Right now, equity risk premiums in most global stockmarkets (including Australia and the US) remain highly attractive and will continue to underwrite interest in stocks and allow this bull market to trend further. The tug of war between secular growth stocks, like tech, and value/cyclical stocks that started late last year, suggests it pays to have a bet in both camps at present. 

The chart from the BofA US Quant team below highlights the average duration of a value/cyclical cycle is around 33 months compared with the current drive that has been running for around 8 months. The rally in these stocks is a long way from tiring.

The importance of the slope of the yield curve in driving this is well known. The last two economic expansions (2000 and 2008) saw the 2-year and 10-year section of the yield curve steepen by nearly 300bp over 3 years. The latest steepening has seen ~150 bps in 1 year.

When armed with the extraordinary amounts of liquidity, low interest rates and government safety nets (although moderately lessening in impact now) it is easy to see how cyclical stocks can continue to shine in the short-medium term. Valuation differentials between growth and value are also stark, suggesting a lack of confidence in the latter’s earnings prospects. 

We are presently in the midst of one of the more benign earnings confession seasons this author can recall. Over the next six weeks or so, corporates will begin reporting full year and interim results and expectations are that a good reporting period should be delivered. US companies will shortly report their June quarter results where expectations are also rather elevated. The local economic revival continues to amaze in its speed and breadth. Concurrent favourable NAB business and consumer surveys (virtually unheard of), positive credit growth, strong housing market and bullish ANZ Jobs Series data suggests the outlook is improving with the obvious caveat remaining the vaccine rollout and keeping state economies out of lockdown.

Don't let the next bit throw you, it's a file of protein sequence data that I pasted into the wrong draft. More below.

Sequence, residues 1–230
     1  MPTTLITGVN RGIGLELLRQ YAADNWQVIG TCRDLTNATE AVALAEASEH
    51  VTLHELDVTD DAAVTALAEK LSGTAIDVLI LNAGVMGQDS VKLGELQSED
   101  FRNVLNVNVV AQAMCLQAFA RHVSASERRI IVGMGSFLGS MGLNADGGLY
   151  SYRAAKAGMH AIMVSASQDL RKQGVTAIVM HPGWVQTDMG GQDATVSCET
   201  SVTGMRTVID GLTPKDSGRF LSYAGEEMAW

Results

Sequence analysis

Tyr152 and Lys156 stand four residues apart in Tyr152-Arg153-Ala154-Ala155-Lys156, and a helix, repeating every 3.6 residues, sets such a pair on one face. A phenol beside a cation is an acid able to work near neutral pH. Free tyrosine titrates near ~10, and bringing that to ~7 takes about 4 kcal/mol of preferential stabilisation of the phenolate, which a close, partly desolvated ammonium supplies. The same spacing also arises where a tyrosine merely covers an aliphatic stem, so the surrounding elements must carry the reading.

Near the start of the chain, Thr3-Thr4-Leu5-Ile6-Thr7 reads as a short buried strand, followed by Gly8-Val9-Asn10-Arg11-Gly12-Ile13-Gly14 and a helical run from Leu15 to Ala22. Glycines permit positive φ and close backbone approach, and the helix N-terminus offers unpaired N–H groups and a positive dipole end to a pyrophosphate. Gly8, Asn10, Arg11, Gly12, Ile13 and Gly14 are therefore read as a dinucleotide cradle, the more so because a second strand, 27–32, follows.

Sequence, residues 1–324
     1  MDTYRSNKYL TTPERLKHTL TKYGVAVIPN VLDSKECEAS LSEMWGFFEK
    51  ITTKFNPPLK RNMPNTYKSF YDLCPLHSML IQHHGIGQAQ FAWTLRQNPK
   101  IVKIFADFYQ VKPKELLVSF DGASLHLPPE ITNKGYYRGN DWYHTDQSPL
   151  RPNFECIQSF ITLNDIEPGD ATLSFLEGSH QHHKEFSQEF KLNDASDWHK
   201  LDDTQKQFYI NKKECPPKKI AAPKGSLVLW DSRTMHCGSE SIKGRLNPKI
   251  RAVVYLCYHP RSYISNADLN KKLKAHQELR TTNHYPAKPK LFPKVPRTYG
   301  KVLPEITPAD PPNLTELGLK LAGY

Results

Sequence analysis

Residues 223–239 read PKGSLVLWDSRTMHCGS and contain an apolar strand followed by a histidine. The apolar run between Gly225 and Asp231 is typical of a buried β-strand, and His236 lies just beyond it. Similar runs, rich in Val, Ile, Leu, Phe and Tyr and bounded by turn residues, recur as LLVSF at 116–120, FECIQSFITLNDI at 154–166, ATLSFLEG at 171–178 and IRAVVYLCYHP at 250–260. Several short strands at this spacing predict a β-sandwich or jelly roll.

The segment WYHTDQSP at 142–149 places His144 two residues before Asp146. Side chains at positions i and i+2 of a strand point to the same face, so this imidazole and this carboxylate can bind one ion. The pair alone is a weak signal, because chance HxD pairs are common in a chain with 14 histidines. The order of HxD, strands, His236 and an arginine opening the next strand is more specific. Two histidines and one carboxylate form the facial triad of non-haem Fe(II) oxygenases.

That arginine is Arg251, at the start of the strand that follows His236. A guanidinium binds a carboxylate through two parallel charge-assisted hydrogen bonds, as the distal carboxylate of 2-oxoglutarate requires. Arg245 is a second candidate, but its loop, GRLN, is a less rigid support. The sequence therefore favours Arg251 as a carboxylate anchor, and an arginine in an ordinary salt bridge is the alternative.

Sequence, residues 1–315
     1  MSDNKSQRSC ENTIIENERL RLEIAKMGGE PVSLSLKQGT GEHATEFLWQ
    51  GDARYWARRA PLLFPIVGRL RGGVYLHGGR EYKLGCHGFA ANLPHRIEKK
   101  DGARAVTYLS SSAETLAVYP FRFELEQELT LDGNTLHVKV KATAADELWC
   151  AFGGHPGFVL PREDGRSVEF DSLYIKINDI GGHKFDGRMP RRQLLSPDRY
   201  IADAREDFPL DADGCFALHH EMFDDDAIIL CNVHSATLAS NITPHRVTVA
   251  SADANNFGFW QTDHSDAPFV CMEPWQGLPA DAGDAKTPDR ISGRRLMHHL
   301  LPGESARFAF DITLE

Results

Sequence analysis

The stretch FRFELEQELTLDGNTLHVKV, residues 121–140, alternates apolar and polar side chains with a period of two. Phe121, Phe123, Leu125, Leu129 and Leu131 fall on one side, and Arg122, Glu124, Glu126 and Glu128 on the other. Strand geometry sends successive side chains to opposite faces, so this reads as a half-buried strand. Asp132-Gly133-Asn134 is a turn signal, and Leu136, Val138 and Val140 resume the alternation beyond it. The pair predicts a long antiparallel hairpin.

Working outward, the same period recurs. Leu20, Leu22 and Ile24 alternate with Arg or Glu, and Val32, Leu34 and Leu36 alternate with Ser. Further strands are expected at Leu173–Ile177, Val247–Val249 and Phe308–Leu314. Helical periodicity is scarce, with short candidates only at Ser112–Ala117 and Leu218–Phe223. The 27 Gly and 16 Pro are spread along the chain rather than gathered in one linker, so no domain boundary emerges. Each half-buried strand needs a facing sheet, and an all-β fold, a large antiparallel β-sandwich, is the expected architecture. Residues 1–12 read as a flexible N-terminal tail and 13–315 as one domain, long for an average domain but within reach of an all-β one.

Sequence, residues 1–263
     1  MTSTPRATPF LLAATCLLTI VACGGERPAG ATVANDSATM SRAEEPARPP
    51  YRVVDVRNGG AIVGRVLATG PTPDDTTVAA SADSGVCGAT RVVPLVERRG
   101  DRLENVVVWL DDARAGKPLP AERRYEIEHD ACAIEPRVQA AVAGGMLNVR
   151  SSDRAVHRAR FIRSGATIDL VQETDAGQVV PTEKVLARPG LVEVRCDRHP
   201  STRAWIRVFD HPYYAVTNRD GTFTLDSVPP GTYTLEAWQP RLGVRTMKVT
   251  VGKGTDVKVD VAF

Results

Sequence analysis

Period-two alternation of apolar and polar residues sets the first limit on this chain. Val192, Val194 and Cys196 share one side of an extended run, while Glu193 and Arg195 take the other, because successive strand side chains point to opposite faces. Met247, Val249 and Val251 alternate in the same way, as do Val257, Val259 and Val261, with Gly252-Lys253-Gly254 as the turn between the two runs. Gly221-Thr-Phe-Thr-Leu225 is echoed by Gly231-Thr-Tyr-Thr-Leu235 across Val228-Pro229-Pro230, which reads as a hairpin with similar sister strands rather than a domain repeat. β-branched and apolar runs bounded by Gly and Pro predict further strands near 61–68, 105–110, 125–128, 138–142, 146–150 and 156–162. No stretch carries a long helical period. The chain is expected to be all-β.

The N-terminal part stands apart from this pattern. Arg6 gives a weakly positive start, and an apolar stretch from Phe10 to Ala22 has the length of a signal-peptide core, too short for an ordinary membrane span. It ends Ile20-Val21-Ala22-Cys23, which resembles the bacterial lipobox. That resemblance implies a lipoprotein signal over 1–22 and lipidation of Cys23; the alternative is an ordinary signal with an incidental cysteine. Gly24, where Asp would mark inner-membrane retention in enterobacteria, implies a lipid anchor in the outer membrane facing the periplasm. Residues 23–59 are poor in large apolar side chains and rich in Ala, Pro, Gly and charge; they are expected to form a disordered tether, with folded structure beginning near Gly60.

Right now I’ll stick with the Lion, convinced that stocks push higher from here!

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Eley Griffiths Group is a specialist at focusing on small and emerging companies in Australia. Their investment process and team have delivered consistent outperformance through all market conditions for 15 years.

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Ben Griffiths
Principal and Portfolio Manager
Eley Griffiths Group

Ben Griffiths is the managing director and a senior portfolio manager at Eley Griffiths Group and has over 30 years of financial markets experience. He Co-founded Eley Griffiths Group in 2002 with Brian Eley following a successful career as joint...